Book review – The Net Delusion by Evgeny Morozov: Politics and the internet – Why dictators are going digital

The Net Delusion: The Dark Side of Internet Freedom. By Evgeny Morozov. Published in Britain by Allen Lane as “The Net Delusion: How Not to Liberate the World”.When thousands of young Iranians took to the streets in June 2009 to protest against the apparent rigging of the presidential election, much of the coverage in the Western media focused on the protesters’ use of Twitter, a microblogging service. “This would not happen without Twitter,” declared the Wall Street Journal. Andrew Sullivan, a prominent American-based blogger, also proclaimed Twitter to be “the critical tool for organising the resistance in Iran”. The New York Times said the demonstrations pitted “thugs firing bullets” against “protesters firing tweets”.The idea that the internet was fomenting revolution and promoting democracy in Iran was just the latest example of the widely held belief that communications technology, and the internet in particular, is inherently pro-democratic. In this gleefully iconoclastic book, Evgeny Morozov takes a stand against this “cyber-utopian” view, arguing that the internet can be just as effective at sustaining authoritarian regimes. By assuming that the internet is always pro-democratic, he says, Western policymakers are operating with a “voluntary intellectual handicap” that makes it harder rather than easier to promote democracy.
http://www.economist.com/node/17848401?story_id=17848401Also see:The Net Delusion: How Not to Liberate the World by Evgeny Morozov – review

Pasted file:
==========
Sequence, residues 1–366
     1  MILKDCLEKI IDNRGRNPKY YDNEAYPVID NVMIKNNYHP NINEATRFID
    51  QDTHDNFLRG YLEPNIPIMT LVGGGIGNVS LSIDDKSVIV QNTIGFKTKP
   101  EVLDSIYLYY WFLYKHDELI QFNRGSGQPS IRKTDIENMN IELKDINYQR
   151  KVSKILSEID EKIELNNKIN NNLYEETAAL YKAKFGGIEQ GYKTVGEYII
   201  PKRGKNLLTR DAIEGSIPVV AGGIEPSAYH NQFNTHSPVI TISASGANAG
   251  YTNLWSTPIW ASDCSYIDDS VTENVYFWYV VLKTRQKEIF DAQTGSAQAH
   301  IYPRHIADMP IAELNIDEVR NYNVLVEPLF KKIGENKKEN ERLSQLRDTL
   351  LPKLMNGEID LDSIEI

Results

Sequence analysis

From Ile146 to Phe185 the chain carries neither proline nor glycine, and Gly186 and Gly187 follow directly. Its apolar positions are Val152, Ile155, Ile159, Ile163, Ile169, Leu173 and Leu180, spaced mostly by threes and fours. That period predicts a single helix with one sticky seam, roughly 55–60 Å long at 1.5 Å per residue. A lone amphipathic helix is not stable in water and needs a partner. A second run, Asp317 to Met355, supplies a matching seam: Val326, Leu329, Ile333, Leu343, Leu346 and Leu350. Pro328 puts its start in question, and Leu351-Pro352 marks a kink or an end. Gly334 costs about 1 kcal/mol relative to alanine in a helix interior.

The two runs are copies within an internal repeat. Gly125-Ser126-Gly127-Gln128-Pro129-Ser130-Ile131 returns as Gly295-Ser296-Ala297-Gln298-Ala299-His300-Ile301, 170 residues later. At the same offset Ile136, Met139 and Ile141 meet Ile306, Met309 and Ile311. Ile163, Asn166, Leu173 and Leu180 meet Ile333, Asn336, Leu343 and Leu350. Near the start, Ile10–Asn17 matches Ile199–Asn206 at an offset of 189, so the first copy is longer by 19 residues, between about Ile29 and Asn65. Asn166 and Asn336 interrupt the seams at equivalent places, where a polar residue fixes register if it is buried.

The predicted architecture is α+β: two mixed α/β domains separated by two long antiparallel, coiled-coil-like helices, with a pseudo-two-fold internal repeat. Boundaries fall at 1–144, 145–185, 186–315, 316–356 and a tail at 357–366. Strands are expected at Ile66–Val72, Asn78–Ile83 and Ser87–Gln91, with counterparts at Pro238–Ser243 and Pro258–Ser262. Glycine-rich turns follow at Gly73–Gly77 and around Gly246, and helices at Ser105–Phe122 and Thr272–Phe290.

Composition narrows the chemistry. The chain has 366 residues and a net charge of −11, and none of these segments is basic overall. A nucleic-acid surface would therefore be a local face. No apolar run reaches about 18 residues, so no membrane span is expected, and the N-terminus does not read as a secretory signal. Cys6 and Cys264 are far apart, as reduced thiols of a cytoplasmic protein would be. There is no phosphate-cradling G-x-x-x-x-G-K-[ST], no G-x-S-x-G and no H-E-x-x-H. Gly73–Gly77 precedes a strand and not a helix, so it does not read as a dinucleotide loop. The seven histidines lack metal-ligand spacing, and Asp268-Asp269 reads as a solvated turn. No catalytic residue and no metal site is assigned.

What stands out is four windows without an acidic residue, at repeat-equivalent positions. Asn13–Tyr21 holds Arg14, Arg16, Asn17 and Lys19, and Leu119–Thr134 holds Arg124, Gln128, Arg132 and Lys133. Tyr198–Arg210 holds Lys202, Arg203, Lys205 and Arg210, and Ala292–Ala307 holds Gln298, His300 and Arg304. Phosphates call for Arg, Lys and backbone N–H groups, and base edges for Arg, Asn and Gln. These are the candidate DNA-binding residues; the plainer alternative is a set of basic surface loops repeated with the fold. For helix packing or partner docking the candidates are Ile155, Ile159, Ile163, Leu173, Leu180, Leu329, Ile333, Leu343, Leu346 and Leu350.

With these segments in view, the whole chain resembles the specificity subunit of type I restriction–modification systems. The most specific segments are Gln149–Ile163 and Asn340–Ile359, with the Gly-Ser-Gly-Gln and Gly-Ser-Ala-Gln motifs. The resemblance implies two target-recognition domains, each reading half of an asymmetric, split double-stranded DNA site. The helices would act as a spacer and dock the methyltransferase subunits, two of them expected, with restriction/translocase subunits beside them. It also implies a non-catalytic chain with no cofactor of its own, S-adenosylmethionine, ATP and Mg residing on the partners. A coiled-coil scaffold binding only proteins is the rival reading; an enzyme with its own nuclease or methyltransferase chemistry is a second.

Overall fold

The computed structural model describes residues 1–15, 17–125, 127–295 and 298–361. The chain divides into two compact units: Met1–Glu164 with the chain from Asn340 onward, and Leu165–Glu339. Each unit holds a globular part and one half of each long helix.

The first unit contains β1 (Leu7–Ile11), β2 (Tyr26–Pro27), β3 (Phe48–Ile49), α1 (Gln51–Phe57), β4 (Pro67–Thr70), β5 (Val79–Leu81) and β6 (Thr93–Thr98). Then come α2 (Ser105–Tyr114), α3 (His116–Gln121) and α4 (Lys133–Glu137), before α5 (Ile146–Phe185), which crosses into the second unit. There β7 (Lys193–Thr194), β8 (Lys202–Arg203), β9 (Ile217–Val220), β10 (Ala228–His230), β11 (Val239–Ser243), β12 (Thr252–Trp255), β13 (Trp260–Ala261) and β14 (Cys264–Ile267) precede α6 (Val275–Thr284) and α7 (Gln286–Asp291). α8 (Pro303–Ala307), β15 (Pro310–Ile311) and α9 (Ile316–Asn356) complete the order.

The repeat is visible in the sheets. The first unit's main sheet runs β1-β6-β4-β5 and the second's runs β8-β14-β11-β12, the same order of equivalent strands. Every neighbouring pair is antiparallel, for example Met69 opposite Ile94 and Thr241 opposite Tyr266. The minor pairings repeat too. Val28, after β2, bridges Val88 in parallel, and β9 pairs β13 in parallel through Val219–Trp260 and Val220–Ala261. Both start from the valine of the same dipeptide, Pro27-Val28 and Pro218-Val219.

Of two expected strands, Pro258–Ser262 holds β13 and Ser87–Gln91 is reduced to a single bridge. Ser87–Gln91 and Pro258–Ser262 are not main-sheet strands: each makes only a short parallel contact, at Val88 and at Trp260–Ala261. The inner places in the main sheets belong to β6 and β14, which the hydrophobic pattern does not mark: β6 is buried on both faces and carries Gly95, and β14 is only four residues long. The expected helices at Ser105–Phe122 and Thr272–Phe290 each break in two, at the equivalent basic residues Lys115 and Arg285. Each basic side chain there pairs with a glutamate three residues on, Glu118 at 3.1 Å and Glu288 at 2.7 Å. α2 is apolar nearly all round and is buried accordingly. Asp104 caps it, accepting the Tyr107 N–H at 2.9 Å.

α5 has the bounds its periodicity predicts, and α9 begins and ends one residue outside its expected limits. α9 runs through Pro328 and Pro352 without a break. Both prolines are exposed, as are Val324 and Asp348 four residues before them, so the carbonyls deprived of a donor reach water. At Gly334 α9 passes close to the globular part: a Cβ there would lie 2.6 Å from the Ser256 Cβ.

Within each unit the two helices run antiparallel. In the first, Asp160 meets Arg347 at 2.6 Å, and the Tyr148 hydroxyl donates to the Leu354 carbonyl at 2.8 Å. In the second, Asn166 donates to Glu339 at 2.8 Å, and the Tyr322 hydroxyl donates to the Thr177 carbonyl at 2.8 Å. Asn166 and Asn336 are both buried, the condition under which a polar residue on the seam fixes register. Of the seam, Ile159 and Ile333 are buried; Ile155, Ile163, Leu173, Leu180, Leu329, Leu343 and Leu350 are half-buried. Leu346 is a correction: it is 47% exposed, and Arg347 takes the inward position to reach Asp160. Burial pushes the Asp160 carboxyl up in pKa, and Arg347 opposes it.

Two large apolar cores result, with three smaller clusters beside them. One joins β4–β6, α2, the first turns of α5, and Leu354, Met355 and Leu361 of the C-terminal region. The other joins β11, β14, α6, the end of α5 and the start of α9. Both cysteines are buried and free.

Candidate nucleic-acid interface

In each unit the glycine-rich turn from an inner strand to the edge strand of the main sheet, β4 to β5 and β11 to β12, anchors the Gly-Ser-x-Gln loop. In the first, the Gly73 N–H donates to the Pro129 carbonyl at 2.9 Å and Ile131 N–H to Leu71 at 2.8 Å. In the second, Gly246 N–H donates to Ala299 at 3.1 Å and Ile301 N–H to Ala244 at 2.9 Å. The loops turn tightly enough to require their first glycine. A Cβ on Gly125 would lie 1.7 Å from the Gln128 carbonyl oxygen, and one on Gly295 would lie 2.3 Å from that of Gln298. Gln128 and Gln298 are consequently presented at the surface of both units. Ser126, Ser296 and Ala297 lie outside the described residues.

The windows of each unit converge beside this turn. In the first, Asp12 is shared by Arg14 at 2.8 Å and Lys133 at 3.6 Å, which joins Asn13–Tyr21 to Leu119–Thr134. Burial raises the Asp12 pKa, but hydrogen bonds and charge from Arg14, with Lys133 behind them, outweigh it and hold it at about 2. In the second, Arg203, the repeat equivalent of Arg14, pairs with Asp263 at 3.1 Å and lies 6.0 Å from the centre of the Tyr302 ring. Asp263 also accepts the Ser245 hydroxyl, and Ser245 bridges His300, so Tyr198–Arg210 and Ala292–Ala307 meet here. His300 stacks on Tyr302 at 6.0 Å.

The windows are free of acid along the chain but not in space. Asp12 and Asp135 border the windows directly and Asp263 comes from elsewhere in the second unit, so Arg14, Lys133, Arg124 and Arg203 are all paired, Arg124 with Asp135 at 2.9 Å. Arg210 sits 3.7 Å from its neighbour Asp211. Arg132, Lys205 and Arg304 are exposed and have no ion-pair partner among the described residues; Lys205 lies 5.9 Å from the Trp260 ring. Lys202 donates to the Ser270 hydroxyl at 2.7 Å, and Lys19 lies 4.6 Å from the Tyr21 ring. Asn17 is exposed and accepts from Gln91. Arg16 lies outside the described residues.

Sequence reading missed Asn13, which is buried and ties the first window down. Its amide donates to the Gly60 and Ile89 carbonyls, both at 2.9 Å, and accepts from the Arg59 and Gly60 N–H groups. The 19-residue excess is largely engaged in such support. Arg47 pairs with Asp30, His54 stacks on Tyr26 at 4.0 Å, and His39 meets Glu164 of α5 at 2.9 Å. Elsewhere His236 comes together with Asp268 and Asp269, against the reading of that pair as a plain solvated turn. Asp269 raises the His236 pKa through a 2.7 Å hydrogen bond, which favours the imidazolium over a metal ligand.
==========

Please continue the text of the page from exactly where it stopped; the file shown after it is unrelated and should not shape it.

On 21 January 2010, US secretary of state Hillary Clinton made a speech at the delightfully named Newseum – America’s leading “interactive museum of news” – announcing “internet freedom” as a core foreign policy concern. “Information freedom,” she argued, “supports the peace and security that provide a foundation for global progress.” Evgeny Morozov has a blunt riposte to such ambitions: they smack of “excessive optimism and empty McKinsey-speak,” not to mention a “creative use of recent history”.Morozov, a young Belarusian-born writer and researcher now based in the US, doesn’t mince his words. But The Net Delusion is considerably more than an assault on political rhetoric; for, it argues, behind many of the fine words recently spoken in praise of technology lies a combination of utopianism and ignorance that grossly misrepresents the internet’s political role and potentials. Unless we are very careful, he suggests, the democratising power of new media will in fact bring not democracy and freedom, but the entrenchment of authoritarian regimes.
http://www.guardian.co.uk/books/2011/jan/09/net-delusion-morozov-review

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